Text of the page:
Much like a CPA performs a financial audit of a company, a business law attorney can conduct a legal audit of any business entity to prevent legal problems before they arise. While the scope of a legal review depends upon the type and size of the business, a basic legal audit would include the following:

1. Organization Papers: Confirm that the company was properly incorporated or organized, maintains good standing with the State, has filed any required annual reports, and retains rights to its company name. Make sure that corporate minutes, banking resolutions, and related papers are up to date.

2. Buy-Sell Agreements: Confirm that appropriate buy-sell agreements are in place when there is more than one owner. Also known as "Shareholders Agreements" or "Cross-Purchase Agreements," the primary goal is to prevent sale by a shareholder without agreement from the other principals, and to set a purchase price in the event of retirement, death, disability, or other factors.

3. Key-Man Life Insurance: Confirm that appropriate life insurance is in place to fund any buy-sell agreements and to assure that the company has insurance proceeds to compensate for the loss of a valued employee. Sometimes a split dollar policy is appropriate.

4. Employee Handbooks and Company Policies: Confirm that the company has established appropriate written policies on a variety of issues including wages and hours, non-discrimination, rules against sexual harassment, employee benefits, any bonus plans, and a wide range of other matters. Often these policies need to be updated to conform with statutory and case law changes. A business law attorney will normally have templates to use for preparing a customized statement of company policy.

5. Company-Used Contracts: Review of all written contracts regularly used by the company, including purchase orders, invoices, credit applications, service contracts, etc. Occasionally the company may have a recurring litigation problem that can be minimized with proper contract language. Insertion of a simple clause regarding attorneys fees can greatly aid the company in the event of litigation. Inclusion of a mediation or arbitration clause can minimize the chance of actual litigation.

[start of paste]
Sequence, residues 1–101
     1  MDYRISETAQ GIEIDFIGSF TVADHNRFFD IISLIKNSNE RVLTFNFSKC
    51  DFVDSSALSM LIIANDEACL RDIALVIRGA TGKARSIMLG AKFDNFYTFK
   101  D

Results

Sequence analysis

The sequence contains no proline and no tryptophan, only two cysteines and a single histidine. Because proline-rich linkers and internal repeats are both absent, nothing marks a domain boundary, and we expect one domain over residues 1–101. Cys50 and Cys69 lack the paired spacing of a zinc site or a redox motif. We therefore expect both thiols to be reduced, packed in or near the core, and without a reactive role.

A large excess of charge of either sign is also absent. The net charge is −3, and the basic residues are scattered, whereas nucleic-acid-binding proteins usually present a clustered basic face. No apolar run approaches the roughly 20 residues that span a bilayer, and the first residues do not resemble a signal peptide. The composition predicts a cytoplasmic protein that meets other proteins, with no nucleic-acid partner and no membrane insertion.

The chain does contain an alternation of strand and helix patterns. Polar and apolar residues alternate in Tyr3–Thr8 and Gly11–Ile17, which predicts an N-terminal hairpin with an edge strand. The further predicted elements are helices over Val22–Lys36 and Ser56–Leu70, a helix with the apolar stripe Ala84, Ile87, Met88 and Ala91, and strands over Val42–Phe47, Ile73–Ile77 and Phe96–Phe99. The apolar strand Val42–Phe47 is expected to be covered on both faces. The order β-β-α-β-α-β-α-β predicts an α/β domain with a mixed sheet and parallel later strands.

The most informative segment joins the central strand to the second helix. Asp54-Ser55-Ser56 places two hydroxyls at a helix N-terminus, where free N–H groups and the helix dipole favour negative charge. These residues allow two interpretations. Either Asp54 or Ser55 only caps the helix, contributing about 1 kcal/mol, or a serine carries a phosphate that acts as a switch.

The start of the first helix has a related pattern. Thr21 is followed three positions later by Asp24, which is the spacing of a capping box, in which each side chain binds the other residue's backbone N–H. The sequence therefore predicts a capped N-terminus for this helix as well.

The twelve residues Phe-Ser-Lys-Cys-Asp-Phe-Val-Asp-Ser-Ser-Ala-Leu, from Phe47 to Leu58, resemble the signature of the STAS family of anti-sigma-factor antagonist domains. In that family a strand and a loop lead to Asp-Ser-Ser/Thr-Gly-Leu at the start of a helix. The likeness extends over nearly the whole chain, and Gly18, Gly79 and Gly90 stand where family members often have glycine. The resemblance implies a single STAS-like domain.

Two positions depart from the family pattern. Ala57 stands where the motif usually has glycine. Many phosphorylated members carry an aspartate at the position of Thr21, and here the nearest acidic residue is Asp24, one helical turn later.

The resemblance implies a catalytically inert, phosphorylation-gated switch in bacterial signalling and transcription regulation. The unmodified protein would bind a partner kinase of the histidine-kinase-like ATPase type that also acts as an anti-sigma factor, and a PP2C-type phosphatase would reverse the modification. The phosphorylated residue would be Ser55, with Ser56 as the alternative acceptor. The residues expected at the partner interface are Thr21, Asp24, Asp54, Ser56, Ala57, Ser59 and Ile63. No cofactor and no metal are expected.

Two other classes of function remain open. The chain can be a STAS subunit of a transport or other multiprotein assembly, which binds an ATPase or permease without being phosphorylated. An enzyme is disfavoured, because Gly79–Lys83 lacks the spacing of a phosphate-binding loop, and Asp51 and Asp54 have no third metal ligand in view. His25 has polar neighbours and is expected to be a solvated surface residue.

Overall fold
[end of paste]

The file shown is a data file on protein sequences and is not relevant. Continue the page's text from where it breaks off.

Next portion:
6. Vendor Contracts: Review of contracts submitted by vendors or suppliers of the company, especially to avoid unreasonable conditions imposed via boilerplate language. Often, the attorney learns that lower level employees of the client are regularly signing ill-advised contracts.

7. Accounts Receivable: Review of status of accounts receivable for determination of whether a collection lawsuit or referral to a collection agency will be cost-beneficial.

8. Software Licensing: Review of client use of computer software to avoid penalties imposed by the "software police." In this area, the primary function of the attorney is to advise the client of the dangers of loose transfers or duplication of software products such as word processing, spreadsheets, virus scans, and other programs which seem to be freely traded in violation of licensing agreements.


Information provided courtesy of
Douglas P. Radunz, Attorney at Law
2410 Centre Village . 431 South Seventh Street . Minneapolis, Minnesota 55415
612.337.5353 . fax 612.337.5472 .

The material on this website is provided for general information purposes and not as specific legal advice. Legal advice is given only after the formation of an attorney-client relationship. The reader should always consult with an attorney in his or her home state or jurisdiction for specific legal advice. Douglas P. Radunz practices only in the State of Minnesota, and he is not licensed to practice law in other jurisdictions. Communication to Mr. Radunz via email does not create an attorney-client relationship.
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